LINCOLN — Nebraska isn't the only state looking to eliminate state income taxes.
Republican leaders in both Louisiana and North Carolina are pushing plans similar to Nebraska Gov. Dave Heineman's pitch — elimination of income taxes on individuals and on corporations to boost their local economies.
Other states, including Oklahoma, Kansas, Missouri and Indiana, are pursuing less ambitious plans to reduce income taxes.
Heineman, a conservative Republican, will unveil the details of his plan at a press conference this morning.
The governor said Thursday that he hasn't talked to leaders in other states. But he said he believes that they've all come to the same conclusion: their states' tax systems must be updated and reformed to boost economic growth.
“Those governors have figured it out as we have here,” Heineman said. “I want to see good-paying jobs in Nebraska.”
But one speaker at the State Capitol on Thursday dismissed the premise that lower income taxes spur job creation and said the tax shift proposals are part of a “right wing agenda” to decrease taxes on high-wage earners and those who have enjoyed “success.”
“It's supply-side economics re-emerging,” said Richard Pomp, a University of Connecticut professor and an authority on state tax policy.
Pomp, during a tax symposium sponsored by the OpenSky Policy Institute, a Lincoln think tank, said there is no empirical evidence proving that eliminating personal and corporate income taxes spurs job growth.
He also warned against using tax rankings by groups such as the Tax Foundation —which is often cited by Heineman — to justify sweeping changes in tax laws. That group ranks Nebraska 31st in overall business tax climate, a rank the governor has labeled as “mediocre.”
Pomp said he has represented dozens of companies in location searches. They don't pay attention to such rankings but instead do an in-depth analysis of how a state's taxes, as well as its workforce, energy costs and educational system, will affect their ability to make a profit.
“Nebraska actually has a number of attractive factors to bring companies to the state,” Pomp said.
Heineman was unavailable late Thursday afternoon to respond to Pomp's comments.
But Jim Vokal, executive director of the Platte Institute, an Omaha-based think tank, disputed the comments and said states that don't levy a personal income tax have had greater economic vitality in recent years.
Vokal, a former Omaha City Council member, said the Platte Institute supports the governor's goals.
“What he's doing is not a partisan thing,” he said. “It's a prudent, philosophical effort to improve the quality of life in Nebraska.”
Heineman has said that he would replace the $2.4 billion lost in annual revenue from state income taxes by doing away with a similar amount of sales tax exemptions.
That has farm, business and hospital groups on edge, because it could mean new tax bills when farmers buy tractors, manufacturers buy equipment, and when people stay in a hospital or a college dormitory.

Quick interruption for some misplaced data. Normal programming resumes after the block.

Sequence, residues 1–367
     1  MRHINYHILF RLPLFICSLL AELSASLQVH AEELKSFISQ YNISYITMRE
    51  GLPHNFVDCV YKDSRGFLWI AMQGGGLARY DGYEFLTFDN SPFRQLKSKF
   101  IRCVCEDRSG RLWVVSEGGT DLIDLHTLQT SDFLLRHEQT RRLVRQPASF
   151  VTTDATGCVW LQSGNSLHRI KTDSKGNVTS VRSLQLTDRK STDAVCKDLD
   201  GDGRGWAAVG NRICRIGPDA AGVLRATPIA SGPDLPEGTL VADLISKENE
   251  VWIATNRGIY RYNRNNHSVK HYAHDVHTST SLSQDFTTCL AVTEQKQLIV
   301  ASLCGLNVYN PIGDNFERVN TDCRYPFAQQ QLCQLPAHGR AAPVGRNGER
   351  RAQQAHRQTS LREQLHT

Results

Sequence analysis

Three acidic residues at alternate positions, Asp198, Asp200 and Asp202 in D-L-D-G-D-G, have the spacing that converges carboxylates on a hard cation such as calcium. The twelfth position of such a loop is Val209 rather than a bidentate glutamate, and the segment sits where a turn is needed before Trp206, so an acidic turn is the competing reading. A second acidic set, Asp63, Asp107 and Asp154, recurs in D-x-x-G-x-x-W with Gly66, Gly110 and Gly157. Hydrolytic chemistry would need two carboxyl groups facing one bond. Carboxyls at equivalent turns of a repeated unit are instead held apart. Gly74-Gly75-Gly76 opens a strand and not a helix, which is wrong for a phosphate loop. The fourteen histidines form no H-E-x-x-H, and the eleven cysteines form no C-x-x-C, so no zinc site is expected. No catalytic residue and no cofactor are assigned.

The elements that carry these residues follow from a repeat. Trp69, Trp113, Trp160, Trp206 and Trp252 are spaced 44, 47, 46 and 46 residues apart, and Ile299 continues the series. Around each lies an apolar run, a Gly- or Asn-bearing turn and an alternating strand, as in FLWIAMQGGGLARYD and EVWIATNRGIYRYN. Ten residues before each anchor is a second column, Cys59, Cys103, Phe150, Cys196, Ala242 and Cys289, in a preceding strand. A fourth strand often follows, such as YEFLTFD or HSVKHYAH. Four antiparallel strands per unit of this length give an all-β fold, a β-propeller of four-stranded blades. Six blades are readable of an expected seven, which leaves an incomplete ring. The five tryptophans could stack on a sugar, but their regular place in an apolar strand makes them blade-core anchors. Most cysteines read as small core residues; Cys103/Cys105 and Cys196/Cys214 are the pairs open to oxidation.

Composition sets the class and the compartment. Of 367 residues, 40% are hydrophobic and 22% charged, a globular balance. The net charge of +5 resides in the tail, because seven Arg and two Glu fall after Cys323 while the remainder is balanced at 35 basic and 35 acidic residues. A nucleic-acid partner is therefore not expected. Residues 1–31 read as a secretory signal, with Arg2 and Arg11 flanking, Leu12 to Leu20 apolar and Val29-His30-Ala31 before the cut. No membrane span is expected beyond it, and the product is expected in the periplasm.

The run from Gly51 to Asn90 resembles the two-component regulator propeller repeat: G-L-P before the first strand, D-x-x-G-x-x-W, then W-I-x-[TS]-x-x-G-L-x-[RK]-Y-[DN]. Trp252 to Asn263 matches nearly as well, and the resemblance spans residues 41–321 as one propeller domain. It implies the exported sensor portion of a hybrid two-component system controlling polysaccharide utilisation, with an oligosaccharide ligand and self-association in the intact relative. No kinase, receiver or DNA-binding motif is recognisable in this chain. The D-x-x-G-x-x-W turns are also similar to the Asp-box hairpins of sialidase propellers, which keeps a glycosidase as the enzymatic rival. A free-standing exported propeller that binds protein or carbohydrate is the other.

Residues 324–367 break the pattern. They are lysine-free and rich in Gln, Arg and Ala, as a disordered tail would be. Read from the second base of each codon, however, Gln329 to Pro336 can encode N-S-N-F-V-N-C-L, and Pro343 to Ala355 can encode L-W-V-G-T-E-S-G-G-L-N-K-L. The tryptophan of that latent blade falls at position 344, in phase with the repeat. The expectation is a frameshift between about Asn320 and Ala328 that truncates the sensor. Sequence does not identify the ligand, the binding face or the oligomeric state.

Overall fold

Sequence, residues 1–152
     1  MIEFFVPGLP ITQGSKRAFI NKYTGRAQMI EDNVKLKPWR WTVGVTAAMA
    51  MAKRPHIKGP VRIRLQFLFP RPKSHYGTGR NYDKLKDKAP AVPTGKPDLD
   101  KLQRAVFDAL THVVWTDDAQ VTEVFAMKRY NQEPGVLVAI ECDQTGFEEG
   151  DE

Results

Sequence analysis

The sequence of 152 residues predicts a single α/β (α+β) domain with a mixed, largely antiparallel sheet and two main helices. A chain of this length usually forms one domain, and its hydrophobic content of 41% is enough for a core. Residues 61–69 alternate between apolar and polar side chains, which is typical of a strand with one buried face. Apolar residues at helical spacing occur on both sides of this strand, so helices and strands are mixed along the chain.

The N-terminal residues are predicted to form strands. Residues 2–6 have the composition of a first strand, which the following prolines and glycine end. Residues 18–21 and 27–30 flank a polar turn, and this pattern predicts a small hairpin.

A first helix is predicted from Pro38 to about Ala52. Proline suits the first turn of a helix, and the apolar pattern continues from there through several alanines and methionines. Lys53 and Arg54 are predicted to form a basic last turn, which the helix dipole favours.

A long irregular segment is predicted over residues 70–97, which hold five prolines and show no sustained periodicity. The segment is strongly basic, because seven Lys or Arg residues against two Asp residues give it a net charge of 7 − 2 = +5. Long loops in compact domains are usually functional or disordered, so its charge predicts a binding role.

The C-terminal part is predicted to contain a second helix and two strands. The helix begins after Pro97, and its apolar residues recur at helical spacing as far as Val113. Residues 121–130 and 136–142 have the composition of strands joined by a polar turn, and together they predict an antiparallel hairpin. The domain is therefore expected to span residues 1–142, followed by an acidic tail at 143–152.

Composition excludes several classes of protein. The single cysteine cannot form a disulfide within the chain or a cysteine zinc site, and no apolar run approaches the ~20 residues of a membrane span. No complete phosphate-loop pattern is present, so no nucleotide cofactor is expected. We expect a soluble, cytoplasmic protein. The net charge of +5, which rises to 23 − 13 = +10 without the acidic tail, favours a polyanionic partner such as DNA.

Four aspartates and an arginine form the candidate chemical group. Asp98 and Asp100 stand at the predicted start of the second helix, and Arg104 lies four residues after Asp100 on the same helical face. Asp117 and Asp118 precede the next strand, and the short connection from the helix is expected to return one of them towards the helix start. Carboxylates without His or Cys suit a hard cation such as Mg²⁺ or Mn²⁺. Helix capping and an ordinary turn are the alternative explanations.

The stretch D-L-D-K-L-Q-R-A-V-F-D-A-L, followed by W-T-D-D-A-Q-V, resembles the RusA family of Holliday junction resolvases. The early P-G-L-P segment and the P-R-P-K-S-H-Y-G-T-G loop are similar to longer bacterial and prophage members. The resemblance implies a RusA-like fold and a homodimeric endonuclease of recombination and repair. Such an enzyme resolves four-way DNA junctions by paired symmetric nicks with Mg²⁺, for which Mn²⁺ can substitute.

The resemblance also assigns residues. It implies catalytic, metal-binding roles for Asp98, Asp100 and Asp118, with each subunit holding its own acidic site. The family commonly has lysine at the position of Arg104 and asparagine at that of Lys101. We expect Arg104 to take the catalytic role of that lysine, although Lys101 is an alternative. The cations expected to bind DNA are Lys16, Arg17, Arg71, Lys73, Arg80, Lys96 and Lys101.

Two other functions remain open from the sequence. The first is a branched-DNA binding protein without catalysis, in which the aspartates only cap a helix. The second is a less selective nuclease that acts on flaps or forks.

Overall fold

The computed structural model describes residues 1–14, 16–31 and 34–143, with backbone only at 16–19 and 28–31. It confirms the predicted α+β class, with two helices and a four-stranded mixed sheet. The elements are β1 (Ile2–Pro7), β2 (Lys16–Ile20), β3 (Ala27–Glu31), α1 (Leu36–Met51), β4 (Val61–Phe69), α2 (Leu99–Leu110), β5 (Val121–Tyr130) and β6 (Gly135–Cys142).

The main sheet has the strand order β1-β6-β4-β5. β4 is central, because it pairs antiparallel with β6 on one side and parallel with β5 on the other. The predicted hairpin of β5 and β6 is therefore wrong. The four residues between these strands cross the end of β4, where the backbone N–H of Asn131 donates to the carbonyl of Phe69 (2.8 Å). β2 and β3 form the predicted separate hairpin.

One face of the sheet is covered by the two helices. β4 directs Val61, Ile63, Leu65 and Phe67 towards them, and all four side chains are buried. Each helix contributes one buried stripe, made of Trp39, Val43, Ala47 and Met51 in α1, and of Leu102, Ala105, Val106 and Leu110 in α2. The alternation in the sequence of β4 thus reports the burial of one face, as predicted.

The governor has said only one current sales tax exemption — on groceries — is off the table. He has said a wide range of the $5 billion in sales tax exemptions now granted are being considered.
Such a massive tax shift will be difficult, Heineman told reporters on Thursday. But he asked Nebraskans to consider what life would be like if residents — like those in Texas, Florida and South Dakota — didn't pay state income taxes, and corporations didn't pay income taxes.
“Look at the benefits,” he said. “Nebraska will be more attractive for business, more attractive for good, high-paying jobs.”
The tax plans in Nebraska, North Carolina and Louisiana are billed as “revenue neutral,” in that they aim not to change overall tax revenue. All would instead turn to new tax sources to replace income taxes.
Unlike Nebraska, the North Carolina and Louisiana plans call for increases in sales taxes to offset the elimination of income taxes. North Carolina's plan also calls for the creation of a “business fee” and a new tax on real estate transfers.
A conservative North Carolina group, the John W. Pope Civitas Institute, has praised the plan, saying it will reverse a trend that has left the state with slower growth than its neighboring states.
But a liberal think tank with an office in that state, the Institute on Taxation and Economic Policy, has labeled the plan a “tax swap” that will cut taxes for businesses and the wealthy and increase taxes on the bottom 80 percent of wage earners.
That group has labeled 2013 “a watershed year for tax reform” and has predicted that 15 states, including some led by Democrats, could enact major changes. Some states could increase income taxes on high earners, said Meg Wiehe, the policy director of that tax institute.
Nebraska's governor, she said, might be among those state leaders who want to make tax cutting their legacy.
Heineman's term will end in 2014, and he has focused much of his energy on economic development and has talked frequently about improving the state's business tax ranking.
He said Thursday that he's heard positive comments from Nebraskans about the plan since his State of the State address. He said he's also been interviewed by several national media outlets.
“People are paying attention to what we're doing in Nebraska,” Heineman said.
Meanwhile, Sen. Pete Pirsch of Omaha introduced two bills Thursday to lower individual income tax rates for all income brackets, and lower corporate income taxes. The first bill would reduce taxes by $200 million.
Pirsch said his bills were “ambitious and achievable.” He did not oppose the governor's ideas but described them as “bold and revolutionary.”
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